As an education professional, you have a unique opportunity to promote water conservation in your community. You and every other person in your school are a resource — a potential ambassador for conservation. Here are a few suggestions for your school.
- Teachers: Because they interact directly with students, teachers can be effective cheerleaders for conservation. They can seek out water conservation-related projects and activities to keep students aware of conservation and help make it fun. They can also watch for students wasting water — by letting water fountains run or splashing water, for example — and correct the behavior.
- Maintenance Staff: Maintenance employees know the school’s infrastructure and are in the best position to spot problems. In addition to responding to complaints about water leaks, they can also proactively search for water waste. This is particularly important in the case of “invisible” leaks, such as those in irrigation systems.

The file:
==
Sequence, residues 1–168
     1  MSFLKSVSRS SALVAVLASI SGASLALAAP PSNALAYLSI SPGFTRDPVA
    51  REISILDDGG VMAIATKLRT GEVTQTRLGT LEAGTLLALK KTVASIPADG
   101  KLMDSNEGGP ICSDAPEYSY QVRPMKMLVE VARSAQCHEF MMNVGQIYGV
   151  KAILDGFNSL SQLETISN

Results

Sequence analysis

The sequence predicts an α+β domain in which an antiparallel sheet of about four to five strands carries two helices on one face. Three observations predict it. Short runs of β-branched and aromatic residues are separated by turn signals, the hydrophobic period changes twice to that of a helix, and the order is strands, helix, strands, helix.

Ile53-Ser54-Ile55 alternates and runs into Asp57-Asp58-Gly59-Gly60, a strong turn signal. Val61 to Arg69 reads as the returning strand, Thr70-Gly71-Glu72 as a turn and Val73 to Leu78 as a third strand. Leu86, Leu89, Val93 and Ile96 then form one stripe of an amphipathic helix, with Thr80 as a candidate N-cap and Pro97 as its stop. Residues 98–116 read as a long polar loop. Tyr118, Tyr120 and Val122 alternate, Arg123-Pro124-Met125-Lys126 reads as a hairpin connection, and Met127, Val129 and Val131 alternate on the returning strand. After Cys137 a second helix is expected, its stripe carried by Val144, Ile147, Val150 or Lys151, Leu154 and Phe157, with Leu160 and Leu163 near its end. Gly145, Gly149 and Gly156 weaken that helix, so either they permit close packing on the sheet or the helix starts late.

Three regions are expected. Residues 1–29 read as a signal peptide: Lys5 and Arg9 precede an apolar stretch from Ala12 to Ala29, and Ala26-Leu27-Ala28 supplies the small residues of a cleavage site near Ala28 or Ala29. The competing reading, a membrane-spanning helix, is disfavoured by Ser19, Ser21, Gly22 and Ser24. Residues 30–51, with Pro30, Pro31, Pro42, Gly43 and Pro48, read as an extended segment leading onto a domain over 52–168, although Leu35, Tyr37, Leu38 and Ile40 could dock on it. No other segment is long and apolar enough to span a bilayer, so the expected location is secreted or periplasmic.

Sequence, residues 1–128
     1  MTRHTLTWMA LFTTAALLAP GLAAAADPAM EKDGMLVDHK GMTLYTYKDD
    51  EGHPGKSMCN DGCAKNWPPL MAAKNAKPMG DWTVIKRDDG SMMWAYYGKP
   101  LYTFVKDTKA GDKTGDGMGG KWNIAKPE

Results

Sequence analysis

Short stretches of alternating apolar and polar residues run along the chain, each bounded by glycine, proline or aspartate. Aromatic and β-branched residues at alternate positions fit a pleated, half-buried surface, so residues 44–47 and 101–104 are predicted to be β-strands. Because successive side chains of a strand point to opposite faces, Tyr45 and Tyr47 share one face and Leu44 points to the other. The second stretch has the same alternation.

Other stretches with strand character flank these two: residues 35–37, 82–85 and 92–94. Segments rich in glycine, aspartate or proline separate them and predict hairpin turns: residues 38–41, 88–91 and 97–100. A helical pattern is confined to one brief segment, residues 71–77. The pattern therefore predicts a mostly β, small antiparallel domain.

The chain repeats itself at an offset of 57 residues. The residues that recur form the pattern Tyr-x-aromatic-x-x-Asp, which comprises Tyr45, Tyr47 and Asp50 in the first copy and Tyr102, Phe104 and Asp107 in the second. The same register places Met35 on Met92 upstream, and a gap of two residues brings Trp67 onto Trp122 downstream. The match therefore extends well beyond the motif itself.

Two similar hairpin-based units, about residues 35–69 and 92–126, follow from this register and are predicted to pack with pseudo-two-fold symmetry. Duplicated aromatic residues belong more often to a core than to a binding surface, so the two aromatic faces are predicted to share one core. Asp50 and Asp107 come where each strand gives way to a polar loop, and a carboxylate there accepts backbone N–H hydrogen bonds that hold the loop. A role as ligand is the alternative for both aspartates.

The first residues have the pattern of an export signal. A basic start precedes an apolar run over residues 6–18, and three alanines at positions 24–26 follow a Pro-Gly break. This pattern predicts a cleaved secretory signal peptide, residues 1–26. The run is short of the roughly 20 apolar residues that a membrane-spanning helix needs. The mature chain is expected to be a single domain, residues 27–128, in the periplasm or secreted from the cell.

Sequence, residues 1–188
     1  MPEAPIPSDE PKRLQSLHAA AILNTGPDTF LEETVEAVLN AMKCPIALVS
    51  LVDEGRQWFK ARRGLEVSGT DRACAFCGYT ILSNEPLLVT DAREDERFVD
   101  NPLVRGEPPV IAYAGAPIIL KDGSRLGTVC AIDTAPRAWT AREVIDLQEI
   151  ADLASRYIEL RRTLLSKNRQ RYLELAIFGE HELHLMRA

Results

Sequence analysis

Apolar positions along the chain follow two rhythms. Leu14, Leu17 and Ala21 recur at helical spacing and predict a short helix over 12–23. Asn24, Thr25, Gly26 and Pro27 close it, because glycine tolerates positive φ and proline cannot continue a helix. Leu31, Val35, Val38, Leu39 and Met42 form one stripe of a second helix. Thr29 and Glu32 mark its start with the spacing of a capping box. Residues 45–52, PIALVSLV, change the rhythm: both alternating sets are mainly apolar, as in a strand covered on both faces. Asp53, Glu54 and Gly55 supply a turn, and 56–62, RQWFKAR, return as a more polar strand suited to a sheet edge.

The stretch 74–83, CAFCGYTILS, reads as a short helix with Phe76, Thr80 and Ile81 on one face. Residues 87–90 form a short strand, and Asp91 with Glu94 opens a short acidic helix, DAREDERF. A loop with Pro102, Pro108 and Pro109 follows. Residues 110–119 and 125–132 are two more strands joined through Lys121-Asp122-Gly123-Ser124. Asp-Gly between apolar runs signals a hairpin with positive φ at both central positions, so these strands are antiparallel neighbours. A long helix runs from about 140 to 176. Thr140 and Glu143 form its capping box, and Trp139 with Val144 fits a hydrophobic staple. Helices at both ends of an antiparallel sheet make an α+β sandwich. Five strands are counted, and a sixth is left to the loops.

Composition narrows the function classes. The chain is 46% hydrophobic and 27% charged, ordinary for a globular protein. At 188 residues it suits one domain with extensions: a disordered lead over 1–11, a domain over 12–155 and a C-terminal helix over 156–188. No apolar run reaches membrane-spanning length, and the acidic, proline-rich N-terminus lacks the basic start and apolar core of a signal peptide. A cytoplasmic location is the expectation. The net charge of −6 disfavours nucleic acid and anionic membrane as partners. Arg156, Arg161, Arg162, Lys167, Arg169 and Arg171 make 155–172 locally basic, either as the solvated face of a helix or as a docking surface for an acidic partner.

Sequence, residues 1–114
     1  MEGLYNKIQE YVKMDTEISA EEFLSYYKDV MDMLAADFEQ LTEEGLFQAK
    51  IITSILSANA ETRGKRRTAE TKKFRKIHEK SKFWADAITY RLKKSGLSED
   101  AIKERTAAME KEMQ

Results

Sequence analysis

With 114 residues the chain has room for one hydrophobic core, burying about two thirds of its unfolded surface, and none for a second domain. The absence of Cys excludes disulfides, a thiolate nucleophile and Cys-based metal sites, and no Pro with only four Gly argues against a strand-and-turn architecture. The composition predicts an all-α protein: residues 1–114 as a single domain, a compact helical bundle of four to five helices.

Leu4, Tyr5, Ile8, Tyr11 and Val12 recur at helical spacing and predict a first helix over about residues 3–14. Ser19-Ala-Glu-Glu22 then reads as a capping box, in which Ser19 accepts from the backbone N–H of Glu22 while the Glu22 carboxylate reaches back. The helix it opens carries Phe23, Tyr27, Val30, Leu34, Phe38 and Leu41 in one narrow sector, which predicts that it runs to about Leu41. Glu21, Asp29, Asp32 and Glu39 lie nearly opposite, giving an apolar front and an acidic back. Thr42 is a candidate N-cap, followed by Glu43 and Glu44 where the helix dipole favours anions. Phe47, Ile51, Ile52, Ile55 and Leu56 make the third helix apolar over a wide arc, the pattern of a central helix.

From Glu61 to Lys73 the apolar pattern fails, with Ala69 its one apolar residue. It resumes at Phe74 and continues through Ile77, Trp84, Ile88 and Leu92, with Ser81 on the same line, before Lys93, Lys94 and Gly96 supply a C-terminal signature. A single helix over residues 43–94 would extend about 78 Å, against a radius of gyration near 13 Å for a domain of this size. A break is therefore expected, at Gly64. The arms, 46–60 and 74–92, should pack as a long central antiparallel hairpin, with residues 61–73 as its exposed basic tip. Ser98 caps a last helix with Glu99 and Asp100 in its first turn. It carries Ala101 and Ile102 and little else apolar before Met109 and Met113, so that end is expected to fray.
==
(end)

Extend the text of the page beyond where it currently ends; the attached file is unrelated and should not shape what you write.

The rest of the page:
- Students: Students, by virtue of their number, are the “worker bees” of school conservation. They should be encouraged to promptly report leaks and other instances of water waste, and to share what they learn about conservation with their families to help spread the conservation message throughout the community.
- Water Service Providers: Washington Water and other water service providers have programs and materials available to assist schools with conserving water and educating students about water conservation. Contact your local water service provider for more information on what programs and materials are available in your area.